As I mentioned in this post about my aunt’s improved health since she came to live with us, loneliness is as serious a health risk as smoking and obesity.

Helena Backlund Wasling, a leading researcher in the science and benefits of touch explains how soft touch activates parts of the brain that control emotion. It’s a key element in reducing stress, forming relationships and connecting with people.

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Getting Old and Getting Glasses

bifocals and cataracts getting old

…or WHY IS MY COMPUTER SHAPED LIKE A RHOMBUS?

I’ve known for a while (3 years) that I could benefit from some sort of corrective eye wear. Night time driving is sort of tricky and I try not to drive to unfamiliar places at night, especially if it’s rainy.

I’m a little young to be making conscious choices like that (kind of like when 80 year old drivers avoid making left turns) so, it was time to bite the bullet and get the eyes checked.

I figured I would need glasses for nighttime driving and for my convenience when I want to see things clearly far away. I read every night with no problem seeing the words on the page.

I didn’t expect the guy to tell me I needed glasses from the minute I wake up to the time I go to bed. Bifocals. What?!?

Once he showed me how clear the world can be, I was anxious to get them.

When I first put them on, I wanted to cry. The room was swirly like being in a funhouse with mirrors. The optician assured me that was normal. Huh? Although that sensation went away pretty quickly, I still felt like I was viewing the world through somebody else’s head.

When I walk, I feel 10 feet tall and as if I’m going to fall off the floor.

I’m not too impressed. I think they’re the right lenses. I don’t think they made a mistake. This business of having to tilt my head just so to see clearly is bizarre. Plus, when I look at my laptop or desktop, they are shaped like rhombuses. It’s true.

Everyone says I’ll get used to it but that’s nuts! It feels like there’s a spot about the size of my pupil through which I can see clearly at any given angle.

I’m thinking there hasn’t been much improvement in optics since Ben Franklin invented the bifocal.

How can Google invent glasses that lets you get on the internet but there aren’t glasses that allow me to see everything in my viewing area clearly without looking like a confused puppy?

That’s my rant.

Oh yeah, I have cataracts, too. Nothing like bifocals and cataracts to make you feel 70!

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Help for Healing a Wound or Diabetic Ulcer

medihoney wound care #wound #diabetic #ulcer

I’ve been caring for my 78-year-old aunt in my home since early May. Since she isn’t bed-ridden and gets out of bed once or twice through the night, I didn’t anticipate caring for open wounds so soon.

Although my aunt’s a diabetic and in spite of being unable to properly wash her feet for an extended period of time, she didn’t suffer from leg or foot sores before she came to live with me (that we know of) .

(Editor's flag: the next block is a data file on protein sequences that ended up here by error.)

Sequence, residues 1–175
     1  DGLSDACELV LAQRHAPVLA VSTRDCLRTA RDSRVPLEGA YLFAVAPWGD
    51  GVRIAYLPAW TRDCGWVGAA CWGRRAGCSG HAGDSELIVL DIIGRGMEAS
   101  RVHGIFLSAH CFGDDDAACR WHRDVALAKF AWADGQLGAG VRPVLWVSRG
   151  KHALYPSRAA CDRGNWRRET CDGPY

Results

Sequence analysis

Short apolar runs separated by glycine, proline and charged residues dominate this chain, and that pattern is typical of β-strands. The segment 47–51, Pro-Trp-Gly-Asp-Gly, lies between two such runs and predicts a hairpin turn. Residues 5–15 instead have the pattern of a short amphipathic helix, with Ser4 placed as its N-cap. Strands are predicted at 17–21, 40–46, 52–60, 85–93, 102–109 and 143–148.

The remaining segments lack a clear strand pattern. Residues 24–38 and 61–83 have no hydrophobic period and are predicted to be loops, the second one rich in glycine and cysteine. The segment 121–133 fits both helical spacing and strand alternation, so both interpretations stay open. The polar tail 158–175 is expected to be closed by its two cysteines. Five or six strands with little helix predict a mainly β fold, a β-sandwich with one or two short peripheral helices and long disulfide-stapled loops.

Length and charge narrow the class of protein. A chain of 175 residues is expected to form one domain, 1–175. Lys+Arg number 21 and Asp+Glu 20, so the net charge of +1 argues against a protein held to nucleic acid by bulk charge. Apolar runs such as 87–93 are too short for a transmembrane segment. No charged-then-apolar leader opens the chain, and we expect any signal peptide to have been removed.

She developed dermatitis on her left leg shortly after she came here and an ulcer appeared on her left calf shortly after that. She may have picked up a staph infection at the nursing home where she stayed for three weeks before she came to live with me. Not sure. I treated the sore with polysporin and dressings at first, which I did for a week or so. It wasn’t getting better or worse.

When she ended up in the hospital for a stomach virus, they sent her home with wound care supplies, including a substance called “Medi Honey” to treat the wound.

I read some information and reviews about it and by all accounts, it comes highly recommended by wound care specialists. According to her doctor, it minimizes the risk of infection and keeps the wound moist, encouraging new skin growth.

The discharge nurse at the hospital suggested that the dressing should be changed every 3 days (woo-hoo!). Depending on the form of “medihoney”, though (paste, pads, gel), dressing changes will vary.

The stuff looks just like honey and largely consists of it. It’s FDA-approved for all stages of wound treatment.

I learned that I was probably putting the stuff on too large an area and it was likely breaking down the healthy skin around the wound. I adjusted my method and it definitely helped. I’m still waiting for the wound to disappear but it has steadily improved over the weeks.

I learned that it’s available without a prescription and is relatively affordable if you just want to try it, especially if you’ve been dealing with a persistent wound at home. I ordered a tube of the paste to see if it had different results than the strips that the hospital gave me. I found out that the dressings needed to be changed more frequently (daily) which is fine but I can’t tell whether there’s a difference in their effectiveness.

Compared to the terrifying leg ulcers I saw on the internet, my aunt’s sore is relatively manageable and small. I don’t have before/after photos because, well, they’re gross. I do wish I had taken photos for my own use but overall, the sore has improved. It’s more shallow, the new skin looks healthy and it hasn’t increased in diameter.

If you’ve been dealing with a persistent wound or ulcer and haven’t tried medihoney, you might have some success. If so, please let me know.

 

 

 *Please note, this post contains affiliate links which means if you purchase a product through one of the links, I’ll receive a small commission at no additional cost to you.
*Disclaimer: The information in this post is about my experience using medihoney. Your results may be different.